150 Centuries-Old Ceramics Showcased in Ho Chi Minh City
Visitors are invited to delve into the past at the Museum of Ho Chi Minh City, where a captivating exhibition showcases a diverse collection of rare ceramic antiquities. Spanning from the 11th century to the mid-20th century, these artifacts transport viewers back in time, offering a glimpse into the rich history of this region. Explore this unique display and immerse yourself in the beauty and craftsmanship of centuries past.
The Museum of Ho Chi Minh City has partnered with the Ho Chi Minh City Antiquities Association to present an exhibition featuring a collection of unique and antique ceramic items. The exhibition, which will run until April 16, showcases 150 artifacts contributed by 21 collectors from across the country. Visitors can explore rare ceramics that date back centuries, including tea sets, pots, incense burners, statues, and more. One highlight is a pair of ceramic unicorns adorned with vibrant enamels, produced in the 20th century. This exhibition offers a journey through time and allows visitors to appreciate the rich heritage and cultural significance of Vietnamese ceramics.
A pair of ceramic unicorns inlaid with bright enamels produced in the 20th century is being showcased at an exhibition at the Museum of Ho Chi Minh City in District 1. Photo: Hoai Phuong / Tuoi Tre
The exhibition features ceramics from various periods and regions, including pieces from Ho Chi Minh City in the early 20th century. Collector Ho Hoang Tuan has contributed a collection of incense burners adorned with white and blue enamels, which he acquired from a household in Tien Giang Province. Collector Le Thanh Nghia has brought a tea set and a charming pipe bowl made in China between 1841 and 1847. Meanwhile, collector Pham Quoc Dinh has provided a pair of ceramic unicorns embellished with vibrant Vietnamese enamels and terracotta elephant statue seats dating back to the late 19th century.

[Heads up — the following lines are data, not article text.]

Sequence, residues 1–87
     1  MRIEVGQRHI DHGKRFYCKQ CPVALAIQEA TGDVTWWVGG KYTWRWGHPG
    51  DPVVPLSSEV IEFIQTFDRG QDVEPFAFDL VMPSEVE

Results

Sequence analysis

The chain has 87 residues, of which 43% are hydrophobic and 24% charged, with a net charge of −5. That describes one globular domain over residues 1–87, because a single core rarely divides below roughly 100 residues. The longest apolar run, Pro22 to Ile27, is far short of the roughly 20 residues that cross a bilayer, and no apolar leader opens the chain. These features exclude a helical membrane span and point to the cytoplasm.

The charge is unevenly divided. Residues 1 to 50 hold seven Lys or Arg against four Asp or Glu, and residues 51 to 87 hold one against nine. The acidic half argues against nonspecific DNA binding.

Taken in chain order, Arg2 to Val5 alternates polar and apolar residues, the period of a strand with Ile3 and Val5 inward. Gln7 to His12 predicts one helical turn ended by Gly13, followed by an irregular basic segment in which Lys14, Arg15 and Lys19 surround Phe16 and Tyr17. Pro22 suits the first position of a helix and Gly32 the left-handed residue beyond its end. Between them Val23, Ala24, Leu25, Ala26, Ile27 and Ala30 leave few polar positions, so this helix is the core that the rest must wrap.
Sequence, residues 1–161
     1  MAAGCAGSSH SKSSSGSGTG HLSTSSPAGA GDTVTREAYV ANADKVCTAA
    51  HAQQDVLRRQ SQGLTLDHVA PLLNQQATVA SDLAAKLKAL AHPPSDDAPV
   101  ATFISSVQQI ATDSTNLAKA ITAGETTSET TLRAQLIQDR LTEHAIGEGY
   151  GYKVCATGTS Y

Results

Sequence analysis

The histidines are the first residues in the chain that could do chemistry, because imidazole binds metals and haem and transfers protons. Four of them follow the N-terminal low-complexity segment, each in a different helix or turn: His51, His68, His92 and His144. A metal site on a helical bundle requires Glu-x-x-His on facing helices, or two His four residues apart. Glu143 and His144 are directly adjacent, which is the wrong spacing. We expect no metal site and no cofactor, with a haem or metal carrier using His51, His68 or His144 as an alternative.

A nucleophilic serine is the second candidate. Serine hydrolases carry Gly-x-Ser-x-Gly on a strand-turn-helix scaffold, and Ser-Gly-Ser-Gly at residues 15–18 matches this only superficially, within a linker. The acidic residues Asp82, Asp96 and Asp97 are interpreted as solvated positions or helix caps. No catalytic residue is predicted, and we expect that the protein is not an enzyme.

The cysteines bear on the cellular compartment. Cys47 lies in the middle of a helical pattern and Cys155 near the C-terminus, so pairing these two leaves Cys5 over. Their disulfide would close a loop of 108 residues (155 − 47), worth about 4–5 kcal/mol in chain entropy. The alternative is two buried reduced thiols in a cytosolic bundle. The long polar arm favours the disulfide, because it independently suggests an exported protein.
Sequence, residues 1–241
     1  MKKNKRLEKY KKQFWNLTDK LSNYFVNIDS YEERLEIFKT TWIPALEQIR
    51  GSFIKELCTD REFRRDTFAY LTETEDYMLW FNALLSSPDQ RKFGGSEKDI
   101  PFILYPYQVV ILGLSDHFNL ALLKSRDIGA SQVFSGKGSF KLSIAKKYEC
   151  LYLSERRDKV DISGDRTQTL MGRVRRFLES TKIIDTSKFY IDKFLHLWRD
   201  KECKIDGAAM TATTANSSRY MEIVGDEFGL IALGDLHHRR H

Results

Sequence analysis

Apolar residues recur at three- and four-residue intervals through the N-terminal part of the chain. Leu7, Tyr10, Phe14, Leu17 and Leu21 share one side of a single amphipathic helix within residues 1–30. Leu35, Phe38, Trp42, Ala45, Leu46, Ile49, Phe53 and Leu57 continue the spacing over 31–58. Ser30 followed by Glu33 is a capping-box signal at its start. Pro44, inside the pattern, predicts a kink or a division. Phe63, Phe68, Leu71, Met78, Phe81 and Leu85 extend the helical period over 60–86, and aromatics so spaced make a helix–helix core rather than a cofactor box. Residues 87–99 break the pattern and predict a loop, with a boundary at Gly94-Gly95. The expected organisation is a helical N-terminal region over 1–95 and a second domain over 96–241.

A set of incense burners is on display at an exhibition at the Museum of Ho Chi Minh City in District 1. Photo: Hoai Phuong / Tuoi Tre
A statue of ceramic crafted at the end of the 19th century. Photo: Hoai Phuong / Tuoi Tre
Doan Thi Trang (R), deputy head of the Museum of Ho Chi Minh City, receives a ceramic exhibit from a veteran. Photo: Hoai Phuong / Tuoi Tre
According to Le Thanh Nghia, chairman of the Ho Chi Minh City Antiquities Association, these antiquities are made of various ceramic materials and originate from Vietnam, China, Japan, and France. The majority of the pieces on display are Vietnamese porcelain objects from the Ly, Tran, Le, and Nguyen dynasties, which span from the 11th century to the mid-20th century. The exhibition aims to provide antique enthusiasts with a glimpse into Vietnamese history and culture, offering a valuable learning experience for visitors.
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